Q: I’m worried that my kids, 6 and 8, are going to see violence or tragedy on TV that’s really going to upset them. How can I protect them and help them deal with what they see and hear? -- Sophia H., Burlington, Vermont
A: Turning off the tube is a good start. (You can DVR appropriate shows for them to play.) Mass shootings, hurricanes, fires and doomsday politics can frighten and confuse children. (Think of what they do to you!) After 9/11, the constant replaying of clips of planes flying into the World Trade Center made young kids very upset; they thought it was happening again, each time they saw it. According to a Senate report, Children, Violence and the Media, by age 18 an American child will have seen 16,000 simulated murders and 200,000 acts of violence. Not good.
The American Academy of Pediatrics recommends that kids under age 2 not watch any TV and those older than 2 watch no more than one to two hours of quality programming daily. Besides monitoring TV exposure, here are a couple of other things you can do.
1. Talk to your kids about what’s real on TV and what isn’t. At around age 7 or 8 they may start believing everything they see could happen to them. If they (inadvertently) see a zombie show, let them know it is fantasy. If they see news clips about school shootings, explain the difference between a rare, isolated incident and a common occurrence. When natural disasters happen on the other side of the world, explain that you don’t have tsunamis in Vermont.
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2. Monitor your own anxiety. Kids pick up on everything, so don’t let on-screen and world events get you overly agitated. Getting the right amount of sleep (7-8 hours), exercising daily and meditating can help keep things in perspective.
3. Seek help: If you sense your child is getting too anxious, school counselors can be a good resource.
Q: Menopause symptoms, like hot flashes and night sweats, are killing me, but I worry about taking hormone therapy. What can provide some relief? -- Cassie J., Carbondale, Illinois
A: There are 11.364 million women in the U.S. ages 50-54 contending with the vasomotor symptoms of menopause. Finding solutions to your sleep-ruining, sweat-drenching, heart-thumping problems can be a challenge, in part because many women, like you Cassie, are reluctant to use hormone therapy.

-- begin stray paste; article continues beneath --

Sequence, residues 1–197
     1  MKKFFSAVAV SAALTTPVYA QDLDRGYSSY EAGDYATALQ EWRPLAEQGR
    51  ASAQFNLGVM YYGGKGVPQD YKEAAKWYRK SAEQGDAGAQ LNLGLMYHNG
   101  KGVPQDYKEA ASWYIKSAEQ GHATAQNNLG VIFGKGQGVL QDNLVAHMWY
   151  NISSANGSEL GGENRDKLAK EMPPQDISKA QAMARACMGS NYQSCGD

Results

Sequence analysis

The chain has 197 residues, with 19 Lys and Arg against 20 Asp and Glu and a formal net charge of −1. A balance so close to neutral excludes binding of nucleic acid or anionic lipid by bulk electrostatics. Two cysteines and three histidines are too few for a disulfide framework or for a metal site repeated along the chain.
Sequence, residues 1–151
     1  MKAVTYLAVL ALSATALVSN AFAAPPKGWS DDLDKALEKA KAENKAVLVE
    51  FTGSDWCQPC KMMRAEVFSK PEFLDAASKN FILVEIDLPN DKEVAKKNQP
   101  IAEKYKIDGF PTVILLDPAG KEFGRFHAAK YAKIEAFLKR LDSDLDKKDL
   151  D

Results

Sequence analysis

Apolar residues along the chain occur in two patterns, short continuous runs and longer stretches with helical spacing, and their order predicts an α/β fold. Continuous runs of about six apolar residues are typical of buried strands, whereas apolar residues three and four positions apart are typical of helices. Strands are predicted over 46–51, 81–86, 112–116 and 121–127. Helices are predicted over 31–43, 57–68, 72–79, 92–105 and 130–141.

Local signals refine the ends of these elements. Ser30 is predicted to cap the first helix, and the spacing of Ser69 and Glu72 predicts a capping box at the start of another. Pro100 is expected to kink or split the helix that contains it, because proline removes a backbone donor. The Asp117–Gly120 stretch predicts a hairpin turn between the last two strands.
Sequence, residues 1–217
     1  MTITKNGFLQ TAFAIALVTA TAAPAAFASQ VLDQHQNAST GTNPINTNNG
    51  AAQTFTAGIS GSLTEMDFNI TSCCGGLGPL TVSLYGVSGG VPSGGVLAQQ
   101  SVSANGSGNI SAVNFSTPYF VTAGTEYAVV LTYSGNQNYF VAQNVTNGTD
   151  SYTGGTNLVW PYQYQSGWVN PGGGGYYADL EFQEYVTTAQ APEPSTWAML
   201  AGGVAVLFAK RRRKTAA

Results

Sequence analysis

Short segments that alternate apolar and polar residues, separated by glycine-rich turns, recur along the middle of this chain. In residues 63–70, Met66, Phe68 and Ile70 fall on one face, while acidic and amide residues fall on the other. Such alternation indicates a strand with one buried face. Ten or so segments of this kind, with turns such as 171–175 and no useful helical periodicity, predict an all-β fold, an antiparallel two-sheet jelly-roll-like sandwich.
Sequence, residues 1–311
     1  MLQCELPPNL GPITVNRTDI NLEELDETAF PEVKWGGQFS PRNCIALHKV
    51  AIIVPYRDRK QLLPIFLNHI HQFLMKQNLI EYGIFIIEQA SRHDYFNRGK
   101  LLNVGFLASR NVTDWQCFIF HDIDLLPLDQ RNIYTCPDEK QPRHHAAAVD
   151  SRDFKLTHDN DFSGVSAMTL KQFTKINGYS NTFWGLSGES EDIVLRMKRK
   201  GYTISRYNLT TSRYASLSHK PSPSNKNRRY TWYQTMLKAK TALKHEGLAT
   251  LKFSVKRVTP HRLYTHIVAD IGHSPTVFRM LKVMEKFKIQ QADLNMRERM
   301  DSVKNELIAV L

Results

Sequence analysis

True, some HT is associated with a slightly increased risk of breast cancer: For every 100,000 women on HT (that combines progestin and estrogen) for a year, there are eight additional cases of breast cancer. (We recommend micronized progesterone, not progestin.) However, if you add two low-dose aspirins taken with a half glass of warm water to your regimen of bioidentical, pharmaceutical-grade HT, you’ll actually have a 10 to 30 percent decrease in breast cancer risk. And with estrogen alone (for women who’ve had a hysterectomy), there’s no increased risk. For most women, starting any HT and aspirin, and staying on it for 10 years or less, reduces your breast-cancer risk.
The risk of blood clots associated with HT is another reason taking aspirin is important. But there’s another way to reduce that risk. A study in the journal Menopause found 22 women (out of around 2,500) taking oral estrogen developed venous thromboembolisms (blood clots) while 13 women, out of around 2,500, using a transdermal estradiol patch did.
So ask your doctor how the risks and benefits of transdermal HT apply to YOU. And consider adding daily aspirin to that regimen. We consider it malpractice and a reason to switch docs if yours doesn’t talk to you about clots and aspirin when you two discuss HT.
And Cassie, it’s smart to help ease symptoms by exercising (10,000 steps a day or equivalent), drinking plenty of water and chilling out with 10 minutes of meditation daily.
Mehmet Oz, M.D. is host of “The Dr. Oz Show,” and Mike Roizen, M.D. is Chief Wellness Officer and Chair of Wellness Institute at Cleveland Clinic. Email your health and wellness questions to Dr. Oz and Dr. Roizen at youdocsdaily(at sign)sharecare.com.